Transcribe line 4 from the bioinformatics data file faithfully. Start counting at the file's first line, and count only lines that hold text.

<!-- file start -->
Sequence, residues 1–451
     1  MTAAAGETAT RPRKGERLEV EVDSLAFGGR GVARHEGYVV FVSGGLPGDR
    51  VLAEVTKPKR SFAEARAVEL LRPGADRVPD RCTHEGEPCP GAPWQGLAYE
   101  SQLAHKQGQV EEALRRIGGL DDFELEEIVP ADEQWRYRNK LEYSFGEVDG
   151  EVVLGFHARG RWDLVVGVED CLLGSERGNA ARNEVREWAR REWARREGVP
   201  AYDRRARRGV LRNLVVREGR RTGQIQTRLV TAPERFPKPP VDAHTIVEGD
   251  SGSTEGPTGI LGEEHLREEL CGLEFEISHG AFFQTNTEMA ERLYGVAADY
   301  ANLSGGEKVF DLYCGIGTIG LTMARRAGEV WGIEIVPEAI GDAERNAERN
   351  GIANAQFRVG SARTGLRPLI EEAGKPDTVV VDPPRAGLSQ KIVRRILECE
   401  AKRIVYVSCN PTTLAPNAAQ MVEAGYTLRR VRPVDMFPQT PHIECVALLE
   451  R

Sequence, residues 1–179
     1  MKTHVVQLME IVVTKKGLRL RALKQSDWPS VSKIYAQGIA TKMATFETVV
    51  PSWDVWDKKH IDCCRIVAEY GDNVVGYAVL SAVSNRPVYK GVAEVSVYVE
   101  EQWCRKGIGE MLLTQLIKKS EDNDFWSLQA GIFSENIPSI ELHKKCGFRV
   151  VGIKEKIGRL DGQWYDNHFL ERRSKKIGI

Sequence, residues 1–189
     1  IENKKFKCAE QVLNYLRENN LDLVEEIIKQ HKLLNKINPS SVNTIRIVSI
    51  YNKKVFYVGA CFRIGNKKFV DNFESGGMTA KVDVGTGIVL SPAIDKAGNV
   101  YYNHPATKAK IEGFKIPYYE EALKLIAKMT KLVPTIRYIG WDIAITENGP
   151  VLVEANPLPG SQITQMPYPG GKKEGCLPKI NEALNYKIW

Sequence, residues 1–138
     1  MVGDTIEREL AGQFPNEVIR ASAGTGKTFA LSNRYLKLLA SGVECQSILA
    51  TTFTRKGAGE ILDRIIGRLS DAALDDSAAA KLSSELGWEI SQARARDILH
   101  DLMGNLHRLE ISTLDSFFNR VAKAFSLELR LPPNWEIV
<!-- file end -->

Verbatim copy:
   101  SQLAHKQGQV EEALRRIGGL DDFELEEIVP ADEQWRYRNK LEYSFGEVDG